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The shock of the new

Over the years, the British public have been scared into wearing seatbelt, scared into installing smoke detectors, scared into driving more slowly and scared into not drinking and driving. Gruesome ads portraying dead children along roadsides or crying mothers and fathers standing over gravesides have made sure crucial, life-saving messages are forced into every home but can the same tactics be adopted to bridge the protection gap?

The Consumer Protection Insurance Engagement Campaign is looking to make the public understand and appreciate the importance of protection products through persuasion or shocking them into action.

The protection gap has been estimated at £2.3trn, with a potential shortfall of £55,000 per family, and the campaign plans to spend £5m in a TV-based wake-up call to illustrate the huge financial pitfalls of not taking out life, income and critical-illness cover.

So far, the campaign has gathered together 22 insurers and reinsurers, as well as experts in media, consumer marketing and advertising. The sights are set on increasing protection sales by 3 per cent a year, which would mean an extra 62,000 policies or £27m of new business.

Cicero Consulting account director Mark Twigg, whose firm is working with the group, says: “The big issue is a disturbance campaign. For far too long, people have seen protection as a low-interest issue and we need to get our head round whether it is a factor of low consumer awareness, low consumer understanding, or whether the consumer thinks they have other needs.”

The group took two examples of successful advertising campaigns as its basis – the Government’s gently persuasive Act on CO2 campaign to reduce carbon emissions and the Fire Authority of Northern Ireland’s frighteningly extreme campaign to check fire alarms. Both have been very effective on similar budgets to CPIEC’s but can the group go far enough to persuading and scaring people into plugging the protection gap?

Protect & Save IFA Bill Wells says: “If it is going to work at all it has to be hard-hitting, anything less is a waste of time and money because most people just bury their heads in the sand. The message has to be made very loudly – if you are one of the unlucky ones, don’t expect the state alone to help you and your family.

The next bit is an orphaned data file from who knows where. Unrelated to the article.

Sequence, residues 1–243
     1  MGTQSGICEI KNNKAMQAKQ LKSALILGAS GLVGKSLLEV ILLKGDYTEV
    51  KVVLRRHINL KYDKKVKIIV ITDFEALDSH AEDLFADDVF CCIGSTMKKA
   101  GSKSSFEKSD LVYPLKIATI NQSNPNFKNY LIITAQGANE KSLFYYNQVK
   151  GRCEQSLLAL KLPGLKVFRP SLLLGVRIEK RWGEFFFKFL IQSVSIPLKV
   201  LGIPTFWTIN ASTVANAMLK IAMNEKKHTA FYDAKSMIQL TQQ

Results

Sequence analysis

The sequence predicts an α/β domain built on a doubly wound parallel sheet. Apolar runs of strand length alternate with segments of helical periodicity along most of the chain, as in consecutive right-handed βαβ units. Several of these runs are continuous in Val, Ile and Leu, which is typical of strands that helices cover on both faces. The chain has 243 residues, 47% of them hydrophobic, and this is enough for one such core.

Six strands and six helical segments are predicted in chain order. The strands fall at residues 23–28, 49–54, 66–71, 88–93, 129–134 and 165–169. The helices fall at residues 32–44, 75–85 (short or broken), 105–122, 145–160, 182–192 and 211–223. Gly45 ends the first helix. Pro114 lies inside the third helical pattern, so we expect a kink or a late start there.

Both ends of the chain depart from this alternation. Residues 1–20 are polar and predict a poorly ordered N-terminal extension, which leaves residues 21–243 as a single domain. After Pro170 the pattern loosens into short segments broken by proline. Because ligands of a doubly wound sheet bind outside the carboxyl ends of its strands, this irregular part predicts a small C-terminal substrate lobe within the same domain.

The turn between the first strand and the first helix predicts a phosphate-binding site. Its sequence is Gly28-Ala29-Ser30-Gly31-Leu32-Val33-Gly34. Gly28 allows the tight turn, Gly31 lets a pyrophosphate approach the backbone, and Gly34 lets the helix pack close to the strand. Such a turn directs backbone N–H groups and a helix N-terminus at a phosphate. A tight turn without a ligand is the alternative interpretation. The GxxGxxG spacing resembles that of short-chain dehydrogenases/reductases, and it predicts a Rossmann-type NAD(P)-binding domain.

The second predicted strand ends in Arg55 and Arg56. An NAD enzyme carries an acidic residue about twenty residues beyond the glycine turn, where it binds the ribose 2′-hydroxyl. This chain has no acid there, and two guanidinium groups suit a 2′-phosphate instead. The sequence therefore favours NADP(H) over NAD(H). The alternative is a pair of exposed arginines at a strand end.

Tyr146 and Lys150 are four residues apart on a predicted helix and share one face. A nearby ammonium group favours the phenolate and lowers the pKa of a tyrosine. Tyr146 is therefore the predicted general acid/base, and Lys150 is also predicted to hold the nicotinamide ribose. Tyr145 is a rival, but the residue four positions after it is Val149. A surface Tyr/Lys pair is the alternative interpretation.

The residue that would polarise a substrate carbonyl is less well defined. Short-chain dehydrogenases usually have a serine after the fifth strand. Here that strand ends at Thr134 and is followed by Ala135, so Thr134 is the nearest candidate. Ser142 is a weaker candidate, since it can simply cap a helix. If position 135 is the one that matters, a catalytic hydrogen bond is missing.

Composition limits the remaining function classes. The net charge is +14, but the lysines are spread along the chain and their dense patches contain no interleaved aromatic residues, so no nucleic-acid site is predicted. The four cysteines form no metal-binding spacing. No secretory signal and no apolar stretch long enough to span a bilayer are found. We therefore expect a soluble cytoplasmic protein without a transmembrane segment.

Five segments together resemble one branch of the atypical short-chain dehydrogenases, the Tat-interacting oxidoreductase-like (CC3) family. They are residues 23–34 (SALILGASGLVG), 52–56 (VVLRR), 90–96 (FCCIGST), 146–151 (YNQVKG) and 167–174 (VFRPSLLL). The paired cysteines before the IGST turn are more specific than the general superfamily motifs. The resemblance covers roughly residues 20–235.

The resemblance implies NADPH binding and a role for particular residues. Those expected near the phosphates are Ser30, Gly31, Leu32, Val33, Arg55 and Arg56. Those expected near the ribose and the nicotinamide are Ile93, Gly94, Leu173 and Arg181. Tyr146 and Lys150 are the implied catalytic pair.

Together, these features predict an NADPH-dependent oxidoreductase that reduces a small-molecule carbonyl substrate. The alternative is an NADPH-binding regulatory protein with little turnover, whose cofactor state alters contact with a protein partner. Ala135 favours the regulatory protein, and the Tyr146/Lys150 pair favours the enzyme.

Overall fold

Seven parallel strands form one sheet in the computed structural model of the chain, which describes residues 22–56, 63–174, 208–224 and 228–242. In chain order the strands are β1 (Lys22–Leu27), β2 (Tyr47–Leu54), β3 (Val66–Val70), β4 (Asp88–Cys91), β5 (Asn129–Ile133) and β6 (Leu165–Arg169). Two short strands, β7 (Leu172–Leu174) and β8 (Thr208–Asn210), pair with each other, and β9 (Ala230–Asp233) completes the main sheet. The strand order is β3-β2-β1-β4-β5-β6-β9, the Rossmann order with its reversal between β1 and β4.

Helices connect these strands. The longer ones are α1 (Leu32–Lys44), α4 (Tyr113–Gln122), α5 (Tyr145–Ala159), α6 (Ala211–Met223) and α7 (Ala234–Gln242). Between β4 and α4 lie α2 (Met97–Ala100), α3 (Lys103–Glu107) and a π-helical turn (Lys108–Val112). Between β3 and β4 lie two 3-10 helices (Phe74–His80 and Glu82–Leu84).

“It has to promote simple products, so it has to be a simple message, and if it disturbs a few viewers, then so be it, as long as a few more people benefit from protec- tion insurance.”

But financial advertising experts are not so sure that a national TV campaign will solve the problem.

Stradbrooke Consultancy director Martin Fox says good PR and advertising can help bridge the gap but questions how well a national campaign can work and he thinks the group could be risking the £5m they are planning to invest.

He says: “The hard-hitting, shocking Government adverts work very well and the statistics back that up. It is going to be much harder to get protection across because it is boring. Of course, not having life insurance is taking an awful gamble with your family, but insurance is not bought as such, so without the salespeople out there repeating the message, it is very hard to sell it in volume.”

Fox thinks the money could be better spent on an internet campaign alongside the current successes of lead- generation protection sales to build on the existing proposition rather than trying to create new sales through TV.

He says: “I am delighted that someone is trying to get the message out there because it is a worthwhile cause but I am not sure it will have the impact they want.”

Tangible Financial chairman Lucian Camp says the success of the campaign relies in the final delivery of the protection products.

He says: “If the campaign is to make people think again, then you have to ask whether that is worthwhile because the biggest problem for the life insurance market is that very few companies promote the product. These days, there is more advertising for pet insurance than life insurance.

“I am concerned that a protection awareness campaign could be putting the cart before the horse.

“A shock-tactic campaign is a secondary concern. If we already had a fully developed, mass-produced life insurance industry, then a generic campaign might be the way to go. But seeing as there is no visible distribution plan for consumers, I do not know how it can work.”

Highclere Financial Services partner Alan Lakey says more advisers need to be promoting the benefits of protection and dispelling the myths.

He says: “For every one adviser doing the job of promoting protection, in the past we had 25. We used to have door-to-door salesmen, advisers and banks all promoting protection but that has all gone.”

Lakey says advisers need to switch their focus from investments and pensions to include protection.

“The campaign will be a success but it will only work if advisers get out there and talk to people at the same time,” he says.

The CPIEC plan to get an ad on TV by March 2010. Twigg says: “We are not just selling a message to the consumer but giving them the opportunity to act on that message.”

Lakey hopes that people acting on the message will lead them into an IFA’s office. He says: “I am expecting there will be a positive impact on my business from this idea because Tom Baigrie knows what the sector needs and knows what sells. I hope I get people coming in off the street asking me about life and income protection as a result of the campaign.”

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